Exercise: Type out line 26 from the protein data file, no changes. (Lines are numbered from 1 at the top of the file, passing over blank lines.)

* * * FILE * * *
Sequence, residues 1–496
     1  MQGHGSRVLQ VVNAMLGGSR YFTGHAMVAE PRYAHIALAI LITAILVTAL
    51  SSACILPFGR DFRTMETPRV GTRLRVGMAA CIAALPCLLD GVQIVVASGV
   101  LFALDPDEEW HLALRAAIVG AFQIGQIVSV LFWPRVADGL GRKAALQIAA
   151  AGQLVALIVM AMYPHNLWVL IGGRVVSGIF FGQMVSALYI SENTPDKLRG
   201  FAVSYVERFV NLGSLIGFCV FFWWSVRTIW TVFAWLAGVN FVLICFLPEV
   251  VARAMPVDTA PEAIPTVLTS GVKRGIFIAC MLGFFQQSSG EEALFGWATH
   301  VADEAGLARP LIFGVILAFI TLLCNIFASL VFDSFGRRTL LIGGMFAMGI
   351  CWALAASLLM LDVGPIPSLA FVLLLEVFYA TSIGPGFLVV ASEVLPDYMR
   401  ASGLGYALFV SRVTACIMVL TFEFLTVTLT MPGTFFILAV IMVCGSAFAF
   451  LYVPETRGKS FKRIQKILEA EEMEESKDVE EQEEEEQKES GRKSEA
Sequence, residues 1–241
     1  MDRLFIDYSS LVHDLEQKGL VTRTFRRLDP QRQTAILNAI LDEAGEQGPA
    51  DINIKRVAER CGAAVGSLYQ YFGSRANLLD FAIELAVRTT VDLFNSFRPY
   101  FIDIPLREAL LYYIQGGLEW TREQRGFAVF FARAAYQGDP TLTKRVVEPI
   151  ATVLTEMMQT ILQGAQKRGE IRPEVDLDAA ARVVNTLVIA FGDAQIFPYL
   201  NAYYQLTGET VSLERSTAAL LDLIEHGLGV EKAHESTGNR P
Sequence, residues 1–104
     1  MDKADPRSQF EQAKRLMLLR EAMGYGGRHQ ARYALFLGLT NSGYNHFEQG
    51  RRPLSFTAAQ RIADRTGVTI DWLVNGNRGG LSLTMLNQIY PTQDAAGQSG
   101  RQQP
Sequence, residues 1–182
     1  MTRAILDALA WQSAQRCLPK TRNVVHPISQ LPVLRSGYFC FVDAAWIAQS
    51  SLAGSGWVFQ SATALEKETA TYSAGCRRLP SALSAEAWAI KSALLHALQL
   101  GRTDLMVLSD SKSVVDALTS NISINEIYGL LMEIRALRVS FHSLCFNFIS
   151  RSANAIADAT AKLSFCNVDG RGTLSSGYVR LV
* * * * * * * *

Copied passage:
   151  RSANAIADAT AKLSFCNVDG RGTLSSGYVR LV